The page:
A Certain Ratio ‘Loco’ (Mute)

Full Steam Ahead

In 1979, when A Certain Ratio first started making records, there was meaning to be extracted in that name. Three words, starting with “A”, not ‘The’. They went for the indefinite article. Not an ordinary band, then. An arch proposition, one set up to confound, in day/night contrast to does-what-it-says-on-the-tin band names like their US progenitors Chic and Funkadelic. And what was this ratio? Three parts mardy rain-soaked Manchester, one part trash-glamour of New York’s 1979 club scene? Half dour miserabalism, half joyous hedonistic abandon? Some kind of imperfect mix, anyway. 

The name is actually taken from an early Eno song, and their first label, Factory, the one they’ll forever be associated with, shared its name with Warhol’s New York gaff. So the nomenclature placed the band in the company of outliers and weirdos, artists and kitchen-sink intellectuals. They were dissatisfied uptight funk wreckers, purveyors of all-nighters energised by trumpets and lavish percussion that rubbed up against scratchy guitar and chants, paperback Sartre at the ready for the all-day existential crisis hangover breakfast in the caff. ACR is American pop art internalised, filtered through art schools, rinsed and repeated. The best of British, then. 

Pretty much every riff on this killer album, their first for 12 years, could be extended into a 10-minute dancefloor slayer. ‘Yo Yo Gi’ recreates the excitement when you first heard a funky acid house bassline, splices it with Tokyo underground train announcements for a sense of international adventure and adds ACR’s trademark percussive exuberance. 

From ‘Bouncy Bouncy’, through ‘Yo Yo Gi’ and ‘Supafreak’, it’s Friday night at The Haçienda which, as memories fade and eddy, morphs into imagined nights at the Danceteria in NYC. Close your eyes and there’s Madonna dancing around the pillars of The Haçienda on the telly, Madonna launching herself into a bankrupt New York that didn’t take her seriously in 1982. ESG recording with Martin Hannett, Liquid Liquid, 99 Records, Ze Records, Factory Records, New Order, Rig. Remember Rig and their cover of ESG’s ‘Moody’? Faulty synthesisers, four-to-the-floor, wooden funk basslines, machines proto-acid basslines, billows of strawberry-scented smoke stuttering into your atmosphere. 

But, as ever with ACR, there are breaks in the action. ‘Always In Love’ is heartfelt pop, the radio-friendly New Order in reflective mood moment, the album’s hooky stalking horse that demonstrates ACR’s knack for inclusivity. No one is left out. Likewise ’Berlin’ opts for a straight bat, leaving the twisting funk on the sidelines as it eulogises and berates the allure of Germany’s once divided city and the romantic trap it sets for the dreamers. ‘You never ever leave, your head alone’ it warns.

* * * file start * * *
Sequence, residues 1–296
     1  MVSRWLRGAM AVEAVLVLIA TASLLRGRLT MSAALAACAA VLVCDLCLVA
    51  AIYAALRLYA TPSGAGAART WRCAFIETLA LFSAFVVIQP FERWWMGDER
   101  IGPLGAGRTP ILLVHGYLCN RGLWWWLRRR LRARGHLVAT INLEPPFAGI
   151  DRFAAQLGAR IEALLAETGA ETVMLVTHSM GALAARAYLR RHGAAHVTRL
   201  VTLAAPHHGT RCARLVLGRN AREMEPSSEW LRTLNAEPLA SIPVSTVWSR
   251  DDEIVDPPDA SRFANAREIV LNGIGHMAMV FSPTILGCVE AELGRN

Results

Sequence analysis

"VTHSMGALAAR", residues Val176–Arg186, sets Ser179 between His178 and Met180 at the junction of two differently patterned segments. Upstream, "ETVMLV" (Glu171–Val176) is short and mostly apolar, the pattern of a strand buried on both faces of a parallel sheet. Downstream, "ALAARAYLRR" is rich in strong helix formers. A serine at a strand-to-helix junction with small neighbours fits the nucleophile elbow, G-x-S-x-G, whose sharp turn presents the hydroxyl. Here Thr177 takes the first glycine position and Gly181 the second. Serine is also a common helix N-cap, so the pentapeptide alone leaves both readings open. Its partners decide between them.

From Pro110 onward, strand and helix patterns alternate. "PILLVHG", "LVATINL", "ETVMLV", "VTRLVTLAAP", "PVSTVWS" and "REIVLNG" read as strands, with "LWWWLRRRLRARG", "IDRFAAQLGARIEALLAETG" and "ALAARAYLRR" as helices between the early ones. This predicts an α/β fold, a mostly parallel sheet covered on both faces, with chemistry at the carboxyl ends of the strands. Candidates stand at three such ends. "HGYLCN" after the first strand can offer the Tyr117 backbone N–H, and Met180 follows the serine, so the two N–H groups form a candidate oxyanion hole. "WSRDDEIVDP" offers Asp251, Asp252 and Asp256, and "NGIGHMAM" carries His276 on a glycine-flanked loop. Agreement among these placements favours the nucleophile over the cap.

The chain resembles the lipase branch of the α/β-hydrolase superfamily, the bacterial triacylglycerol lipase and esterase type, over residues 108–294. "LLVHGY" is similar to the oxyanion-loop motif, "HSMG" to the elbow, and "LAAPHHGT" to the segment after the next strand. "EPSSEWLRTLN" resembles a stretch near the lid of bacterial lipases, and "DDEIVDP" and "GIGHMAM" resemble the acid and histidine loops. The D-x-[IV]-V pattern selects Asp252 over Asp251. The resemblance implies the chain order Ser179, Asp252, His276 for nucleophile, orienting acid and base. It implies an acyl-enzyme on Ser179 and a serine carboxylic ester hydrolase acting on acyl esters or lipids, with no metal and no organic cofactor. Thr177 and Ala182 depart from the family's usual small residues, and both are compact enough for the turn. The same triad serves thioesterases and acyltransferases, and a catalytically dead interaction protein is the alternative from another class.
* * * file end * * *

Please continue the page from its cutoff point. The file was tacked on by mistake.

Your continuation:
But then it’s back to the dancefloor with ‘Family’, with the late Denise Johnson singing ‘We are family!’, the nod to Sister Sledge and Nile Rodgers and Bernard Edwards oblivious and obvious, evoking the same message of unity and joyousness they did. “Brothers and sisters!” goes the refrain, “Love peace, harmony” without a shred of irony. “(What’s So Funny ’Bout) Peace Love And Understanding?” as Nick Lowe put it. 

‘Get A Grip’ features Sink Ya Teeth’s Maria Uzor on vocals, and she executes her specialised cirrus-high vocal snake charming abilities alongside her darker verse delivery for a slow burning, loping smoky funk workout. “I can’t get a grip on it” she sings as the music slips around her. “Maybe I’m in need of sunlight” she ponders. Whatever it is that’s eluding her grasp is another consequence of the night’s endless hedonism, the regret that kicks in even as you’re partying. It’s a theme of Sink Ya Teeth’s work, a favourite arena to explore their own insecurities. 

‘Taxi Guy’ ends this barnstorming album, seven minutes of abstract carnival imagery summoned via the jazz conversations between the saxophone and trumpet and a fairly outrageous percussive build of snare and agogo bells. It’s all held in the warm embrace of string pads until it wriggles free of any restraint for a joyous yet somehow dark journey through rhythm and melody which explodes into a 303 acid bassline. 

ACR are several bands in one, the uptight bolted rage funk of the late 1970s; the smooth perfection of the early 1990s and tracks such as ‘27 Forever’, and today’s version, which like a Russian doll, contains them all. 

ACR were further gilded by Denise Johnson’s presence. Her death leaves a void. Her own album is due any moment, but this one serves as a fitting tribute to her spirit and her contribution to British music, in particular the sound of Manchester. 

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